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Social Movements and the Future of Healthcare


As the crisis in the Western World deepens, and the growing reality sets in that business as usual simply can no longer continue nor solve our problems, our systems must change the way they view, deal with and hold onto power. The NHS is no exception. If we want a health and social care system that is of the highest quality, safe, sustainable and economically viable for the future, we need to understand the power of social movements, both within our systems and through the wider society. This is something we are really committed to in Morecambe Bay and so it was with great delight that I listened to the excellent Helen Bevan, talk about just how vital social movements are for the NHS and healthcare, worldwide at the recent IHI conference in London, Quality 2017. This blog will be an amalgamation of what Helen shared and my own thoughts about our early experiences with social movements.

 

 

A social movement in health and social care involves us all learning to connect, collaborate, cooperate, cocreate and coproduce at a level we have never done so, until now. But our circumstances are forcing us to reconsider the ways in which we work. We need the creative substance that is within our teams to be heard and harnessed so that we cut our waste and work more effectively together. The issues we face, need facing by us all, together; not by some board in an isolated room, making decisions based on diktats from on high, on behalf of us all.  But even this will not be enough. Those of us stuck in the system have become too homogenized in our thinking for us to do this exclusively from within. We need our citizens to help us re-imagine what it means for us to be healthy and well. We must stop designing things for our communities or doing things to them, instead we must design and do things with them. We must analyse, create and enact together and to do this, we must learn to solve the issues of power.

 

Helen Bevan, with her background in social science, demonstrates the great debate about the interplay between our organisational structures (rules) and agency (freedom) when it comes to effecting change. Where does the “permission” come from to enact the change we need to see? Is it externally generated by those in positions of power, or is it internally generated by a personal motivation? Our experience in Carnforth and Morecambe in community conversations has been a bit of both. There are many people of incredible heart and goodness, waiting to do something new and good that will positively affect the health and wellbeing of society, but are perhaps waiting for that sense of community backing, support, encouragement or indeed permission. With a bit of coaching or spurring on, we have seen some amazing initiatives begin that are bringing transformational work into our area and causing us all think differently. We need both individual agency AND corporate agency. Helen describes individual agency as being when people get more power and control in their lives – we see this in patient activation, shared-decision making and self-care – a greater sense of autonomy and responsibility. Collective agency, on the other hand, is where we see people act together, united by a common cause, harnessing the power and influence of the group whilst building mutual trust.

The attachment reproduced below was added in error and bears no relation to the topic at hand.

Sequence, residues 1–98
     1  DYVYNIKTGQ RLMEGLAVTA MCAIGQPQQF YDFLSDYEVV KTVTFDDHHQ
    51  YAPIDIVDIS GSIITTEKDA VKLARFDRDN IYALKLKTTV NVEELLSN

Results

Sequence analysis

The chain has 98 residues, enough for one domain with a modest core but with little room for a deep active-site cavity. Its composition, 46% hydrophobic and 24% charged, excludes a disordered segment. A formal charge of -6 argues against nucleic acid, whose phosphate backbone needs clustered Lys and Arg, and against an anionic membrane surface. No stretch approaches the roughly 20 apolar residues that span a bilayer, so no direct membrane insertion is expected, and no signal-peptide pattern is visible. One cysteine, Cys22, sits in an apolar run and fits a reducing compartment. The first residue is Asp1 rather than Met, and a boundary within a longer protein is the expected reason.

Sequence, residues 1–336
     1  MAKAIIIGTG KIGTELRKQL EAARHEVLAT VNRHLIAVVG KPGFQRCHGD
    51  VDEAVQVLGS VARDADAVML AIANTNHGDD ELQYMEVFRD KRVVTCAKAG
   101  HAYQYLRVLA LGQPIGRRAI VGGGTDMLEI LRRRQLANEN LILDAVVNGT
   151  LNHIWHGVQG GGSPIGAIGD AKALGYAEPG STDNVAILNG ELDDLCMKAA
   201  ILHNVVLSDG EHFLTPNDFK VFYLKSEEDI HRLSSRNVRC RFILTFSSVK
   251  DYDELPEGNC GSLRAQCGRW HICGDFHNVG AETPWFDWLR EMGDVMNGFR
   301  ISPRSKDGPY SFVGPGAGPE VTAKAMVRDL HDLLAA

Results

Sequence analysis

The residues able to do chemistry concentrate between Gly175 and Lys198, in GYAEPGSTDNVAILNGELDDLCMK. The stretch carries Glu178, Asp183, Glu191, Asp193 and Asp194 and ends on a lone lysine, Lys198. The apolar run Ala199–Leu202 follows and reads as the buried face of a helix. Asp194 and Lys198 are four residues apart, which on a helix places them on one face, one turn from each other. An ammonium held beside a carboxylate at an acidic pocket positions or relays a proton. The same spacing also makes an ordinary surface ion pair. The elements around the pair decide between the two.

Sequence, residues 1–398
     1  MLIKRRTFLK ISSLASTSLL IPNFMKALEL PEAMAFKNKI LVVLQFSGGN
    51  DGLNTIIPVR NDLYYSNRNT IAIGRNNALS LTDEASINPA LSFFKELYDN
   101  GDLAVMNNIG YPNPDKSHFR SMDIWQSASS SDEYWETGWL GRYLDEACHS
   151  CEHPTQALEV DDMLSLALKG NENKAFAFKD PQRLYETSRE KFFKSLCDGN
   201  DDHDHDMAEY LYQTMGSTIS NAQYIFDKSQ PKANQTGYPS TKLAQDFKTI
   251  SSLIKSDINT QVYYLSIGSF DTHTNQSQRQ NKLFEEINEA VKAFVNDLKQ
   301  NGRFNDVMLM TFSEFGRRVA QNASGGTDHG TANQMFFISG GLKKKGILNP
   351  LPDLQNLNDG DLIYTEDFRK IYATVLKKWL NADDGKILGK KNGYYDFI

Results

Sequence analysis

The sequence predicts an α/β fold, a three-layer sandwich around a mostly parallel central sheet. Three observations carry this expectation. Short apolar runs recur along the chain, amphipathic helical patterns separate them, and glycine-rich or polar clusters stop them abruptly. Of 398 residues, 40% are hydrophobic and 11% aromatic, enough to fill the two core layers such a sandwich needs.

We have seen this used powerfully, in just one example by our maternity liaison service committee, who together have challenged our system to think more carefully about how we communicate to women, especially at key or stressful moments of their obstetric care. These stories are now a compulsory part of training for all who work in our maternity service and have significantly improved both our skill mix and ability to provide excellent care.
What is absolutely vital to understand is that we do not become transformed alone. We are transformed when we are in relationship with others (Hahrie Han). The problem is that we don’t really encounter the “other” enough to be changed. However,  when we let go of the kind of power that is held by the few, pushes others down, uses command and control, that is closed and transactional, and instead embrace a power that is held by the many, shared, open and relational, then we can begin to see the change we need (Hirschman and Ganz).

David Holzmer says that we are witnessing the collapse of expertise and the rise of collaborative sense-making. I would suggest that this has been going on for some time, but our systems have been incredibly slow at catching onto the change around us.